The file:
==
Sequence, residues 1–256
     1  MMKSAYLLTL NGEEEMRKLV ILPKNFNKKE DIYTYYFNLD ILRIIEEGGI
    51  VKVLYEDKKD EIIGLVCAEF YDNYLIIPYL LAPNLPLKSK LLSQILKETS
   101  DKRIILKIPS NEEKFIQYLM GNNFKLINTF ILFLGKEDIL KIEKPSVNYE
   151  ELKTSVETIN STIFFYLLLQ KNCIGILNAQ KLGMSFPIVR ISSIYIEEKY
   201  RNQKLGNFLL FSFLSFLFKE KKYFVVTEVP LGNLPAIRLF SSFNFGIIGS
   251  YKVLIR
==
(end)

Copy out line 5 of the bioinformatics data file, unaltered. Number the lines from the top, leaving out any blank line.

   151  ELKTSVETIN STIFFYLLLQ KNCIGILNAQ KLGMSFPIVR ISSIYIEEKY